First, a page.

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RBI Launches Digital Payments Ombudsman Scheme To Address User Complaints

RBI Launches Digital Payments Ombudsman Scheme To Address User Complaints

The scheme was first announced on December 5, 2018, in an RBI monetary policy statement

The scheme will address user complaints on digital transactions done through non-bank entities regulated by RBI

The new ombudsman will operate from the existing 21 offices of the Banking Ombudsman

In order to provide hassle-free digital payment experience, the Reserve Bank of India (RBI) launched the ombudsman scheme for online payments sector on January 31, 2019. Under this scheme, the regulator will redress user complaints and grievances related to online transactions.

As a part of the Ombudsman Scheme for Digital Transactions (OSDT), the banking regulator will be providing a free of cost complaint redressal mechanism to address the issues in customer services involved in the digital transaction done through non-bank entities regulated by RBI.

According to the scheme, the RBI may appoint one or more of its officer as chief general manager or general manager who will act as an ombudsman for the digital transactions.

An ombudsman is an official who has been appointed to investigate and redress complaints from people against a company, organisation, or a public authority.

The central bank also stated that the new ombudsman will operate from the existing 21 offices of the Banking Ombudsman and will be responsible for looking after the user complaints from their respective territorial jurisdiction. However, the complaints related to online transactions which are conducted through banks will continue to be handled under the Banking Ombudsman Scheme.

The RBI had first announced the scheme on December 5, 2018, in its monetary policy statement.

This announcement comes in after it was reported in November 2018 that the RBI is looking to appoint an ombudsman for digital payments by March to help the reduce the load of complaints being handled by the banking ombudsman.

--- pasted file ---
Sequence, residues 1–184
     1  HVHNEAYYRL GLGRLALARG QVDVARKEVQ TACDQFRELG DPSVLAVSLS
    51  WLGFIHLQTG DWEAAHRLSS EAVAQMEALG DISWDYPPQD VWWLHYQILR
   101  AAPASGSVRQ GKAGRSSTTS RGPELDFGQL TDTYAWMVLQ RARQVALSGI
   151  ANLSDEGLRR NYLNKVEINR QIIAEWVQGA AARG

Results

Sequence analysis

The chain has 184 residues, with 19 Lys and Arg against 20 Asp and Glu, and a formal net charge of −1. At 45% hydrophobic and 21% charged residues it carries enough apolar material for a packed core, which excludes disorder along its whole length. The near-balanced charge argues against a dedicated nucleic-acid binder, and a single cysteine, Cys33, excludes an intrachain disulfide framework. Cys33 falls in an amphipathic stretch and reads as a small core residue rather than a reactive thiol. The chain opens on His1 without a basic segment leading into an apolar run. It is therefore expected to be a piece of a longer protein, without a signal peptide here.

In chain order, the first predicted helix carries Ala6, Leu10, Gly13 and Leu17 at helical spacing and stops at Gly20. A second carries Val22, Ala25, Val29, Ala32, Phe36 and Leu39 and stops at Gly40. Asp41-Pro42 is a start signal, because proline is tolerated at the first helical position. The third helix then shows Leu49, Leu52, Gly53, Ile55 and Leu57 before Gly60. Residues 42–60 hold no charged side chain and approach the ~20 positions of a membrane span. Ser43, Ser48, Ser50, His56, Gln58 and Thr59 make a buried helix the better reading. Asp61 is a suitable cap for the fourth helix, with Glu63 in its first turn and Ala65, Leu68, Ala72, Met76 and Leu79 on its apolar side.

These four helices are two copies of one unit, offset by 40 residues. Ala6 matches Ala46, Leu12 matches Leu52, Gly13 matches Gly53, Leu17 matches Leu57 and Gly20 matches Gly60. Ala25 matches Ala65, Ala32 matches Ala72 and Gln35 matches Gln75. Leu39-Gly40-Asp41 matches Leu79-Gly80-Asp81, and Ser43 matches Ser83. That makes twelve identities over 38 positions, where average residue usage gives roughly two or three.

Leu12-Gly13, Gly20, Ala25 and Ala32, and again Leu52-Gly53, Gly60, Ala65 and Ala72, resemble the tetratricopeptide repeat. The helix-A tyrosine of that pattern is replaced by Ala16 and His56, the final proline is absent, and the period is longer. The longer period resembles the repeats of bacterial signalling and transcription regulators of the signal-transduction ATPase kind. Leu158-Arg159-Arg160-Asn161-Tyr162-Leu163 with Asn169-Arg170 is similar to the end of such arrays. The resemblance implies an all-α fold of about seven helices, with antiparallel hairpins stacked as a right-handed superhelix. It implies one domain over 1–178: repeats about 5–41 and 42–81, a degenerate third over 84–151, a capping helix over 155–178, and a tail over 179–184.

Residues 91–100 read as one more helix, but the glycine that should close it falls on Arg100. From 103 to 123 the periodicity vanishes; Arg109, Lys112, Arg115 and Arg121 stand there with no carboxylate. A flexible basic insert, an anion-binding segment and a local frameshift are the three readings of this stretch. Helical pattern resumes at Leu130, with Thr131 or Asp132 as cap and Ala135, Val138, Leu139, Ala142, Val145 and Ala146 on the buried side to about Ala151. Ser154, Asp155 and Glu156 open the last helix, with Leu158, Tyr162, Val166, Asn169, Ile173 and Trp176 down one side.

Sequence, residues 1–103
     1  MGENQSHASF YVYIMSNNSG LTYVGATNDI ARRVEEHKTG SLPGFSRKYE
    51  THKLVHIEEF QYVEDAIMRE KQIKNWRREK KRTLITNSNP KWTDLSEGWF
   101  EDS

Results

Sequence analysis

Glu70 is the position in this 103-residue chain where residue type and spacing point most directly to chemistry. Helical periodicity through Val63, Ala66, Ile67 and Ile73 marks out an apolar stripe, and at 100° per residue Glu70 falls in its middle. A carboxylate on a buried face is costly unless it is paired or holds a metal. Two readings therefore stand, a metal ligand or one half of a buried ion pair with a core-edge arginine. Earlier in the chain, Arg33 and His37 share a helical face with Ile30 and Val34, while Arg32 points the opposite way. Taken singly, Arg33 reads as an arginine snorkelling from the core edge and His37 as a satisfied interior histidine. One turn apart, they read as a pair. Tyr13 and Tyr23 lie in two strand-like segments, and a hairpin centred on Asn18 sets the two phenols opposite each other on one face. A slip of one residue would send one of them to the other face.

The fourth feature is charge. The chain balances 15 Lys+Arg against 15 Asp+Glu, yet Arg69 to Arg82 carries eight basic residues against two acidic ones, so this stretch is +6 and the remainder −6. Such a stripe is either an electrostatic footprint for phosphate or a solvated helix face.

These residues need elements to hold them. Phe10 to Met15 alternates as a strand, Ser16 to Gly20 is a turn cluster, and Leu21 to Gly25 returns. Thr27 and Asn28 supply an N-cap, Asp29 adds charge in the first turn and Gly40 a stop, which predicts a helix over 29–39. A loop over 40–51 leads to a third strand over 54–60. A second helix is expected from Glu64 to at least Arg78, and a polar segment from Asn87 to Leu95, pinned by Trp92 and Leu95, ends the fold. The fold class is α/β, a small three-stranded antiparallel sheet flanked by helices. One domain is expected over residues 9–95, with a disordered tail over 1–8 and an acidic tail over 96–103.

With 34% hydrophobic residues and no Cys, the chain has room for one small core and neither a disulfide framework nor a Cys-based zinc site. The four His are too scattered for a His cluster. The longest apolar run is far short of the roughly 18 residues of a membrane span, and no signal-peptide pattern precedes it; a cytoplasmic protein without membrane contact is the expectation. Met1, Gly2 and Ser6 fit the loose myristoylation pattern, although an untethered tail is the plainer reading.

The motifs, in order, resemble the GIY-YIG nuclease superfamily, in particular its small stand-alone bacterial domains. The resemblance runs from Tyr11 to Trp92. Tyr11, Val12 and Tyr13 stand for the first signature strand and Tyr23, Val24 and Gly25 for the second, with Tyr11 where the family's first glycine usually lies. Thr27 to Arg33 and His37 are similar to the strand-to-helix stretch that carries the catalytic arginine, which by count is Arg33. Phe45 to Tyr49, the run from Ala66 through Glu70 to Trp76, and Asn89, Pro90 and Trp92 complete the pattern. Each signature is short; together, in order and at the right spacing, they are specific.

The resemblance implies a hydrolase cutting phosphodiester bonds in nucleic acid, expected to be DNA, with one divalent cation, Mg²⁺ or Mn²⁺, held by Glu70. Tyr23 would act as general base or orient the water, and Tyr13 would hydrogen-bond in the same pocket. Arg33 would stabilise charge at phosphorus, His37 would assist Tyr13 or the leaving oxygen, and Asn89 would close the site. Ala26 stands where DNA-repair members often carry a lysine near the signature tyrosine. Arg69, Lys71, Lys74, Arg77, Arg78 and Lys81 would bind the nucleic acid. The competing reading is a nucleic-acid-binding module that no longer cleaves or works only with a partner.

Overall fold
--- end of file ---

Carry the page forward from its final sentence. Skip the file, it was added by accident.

In December, RBI deputy governor, M K Jain had also said that the ombudsman will be funded by the central bank to address customer grievances. He also added that it will be a cost-free and expeditious platform for individuals.

It had also announced its plans to introduce the concept of limited liability for prepaid transaction instruments, such as digital wallets, smart cards, and online accounts.

With the increasing penetration of the internet and smartphones, India has been recording an increasing number of digital transactions. According to a report by Google and Boston Consulting Group (BCG), the Indian digital payments industry is estimated to touch $500 Bn by 2020, contributing 15% to the country’s GDP.

As the online transaction space is set to grow, the RBI has been taking many initiatives to boost the growth. Most recently, it constituted a five-member committee known as the ‘High-Level Committee for Deepening of Digital Payments”.

The committee, which is headed by the former chairman of Unique Identification Authority of India, Nandan Nilekani, will be responsible for analysing the existing status of digitisation of payments in the country, identify the current gaps in the ecosystem and suggest ways to bridge them.